Psychological Medicine

Genetic and environmental influences on juvenile antisocial behaviour assessed on two occasions

K. C. JACOBSON a1c1, C. A. PRESCOTT a1 and K. S. KENDLER a1
a1 Virginia Institute for Psychiatric and Behavioral Genetics, Department of Psychiatry, Medical College of Virginia of Virginia Commonwealth University, Richmond, VA, USA


Background. There is conflicting evidence concerning the magnitude of genetic and shared environmental influences on juvenile antisocial behaviour (AB). The use of more than one assessment of AB may yield more accurate estimates of these influences.

Methods. Retrospective reports of antisocial behaviour prior to age 18 were obtained on two occasions from a population-based sample of 3522 adult males from male–male twin pairs: phone interviews (wave 1) and self-report questionnaires obtained 19 months later (wave 2). Structural equation modelling estimated the genetic and environmental influences on reliably-measured AB. Factors related to participation of co-twin at wave 1, attrition between waves 1 and 2, and reliability of wave 1 and wave 2 assessments were also investigated.

Results. Twin analyses revealed that genetic, shared environmental, and non-shared environmental influences accounted for approximately 33% (95% CI = 9–57%), 31% (95% CI = 10–51%) and 36% (95% CI = 29–44%) of the variance of reliably measured AB, respectively. We also found significant occasion-specific genetic influences on wave 1 AB. Wave 1 AB did not predict wave 1 participation of co-twin or attrition, but was related to reliability. Co-twins of MZ twins and younger twins were more likely to participate at wave 1; attrition was predicted by being a DZ twin, lack of initial participation of co-twin, fewer years of education, and fewer children. Being older, being unmarried, and having less psychopathology were associated with greater reliability.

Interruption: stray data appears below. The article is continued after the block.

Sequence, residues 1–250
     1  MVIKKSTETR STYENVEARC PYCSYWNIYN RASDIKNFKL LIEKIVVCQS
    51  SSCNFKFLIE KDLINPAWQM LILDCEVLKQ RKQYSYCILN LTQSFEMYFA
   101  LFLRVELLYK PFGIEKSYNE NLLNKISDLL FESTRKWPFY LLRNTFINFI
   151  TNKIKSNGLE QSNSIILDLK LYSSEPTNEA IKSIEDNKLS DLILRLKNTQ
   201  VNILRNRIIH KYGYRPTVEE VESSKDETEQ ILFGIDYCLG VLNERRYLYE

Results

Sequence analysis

Conclusions. When measurement error is taken into account, both genetic and shared environmental factors are significant influences on juvenile AB, accounting for approximately one- third of variation. The origin of the specific genetic influences on wave 1 AB is unclear, but may be due to factors related to measurement.

c1 Address for correspondence: Dr Kristen C. Jacobson, Virginia Institute for Psychiatric and Behavioral Genetics, MCV/VCU, 800 E. Leigh Street, PO Box 980126, Richmond, VA 23298–0126, USA.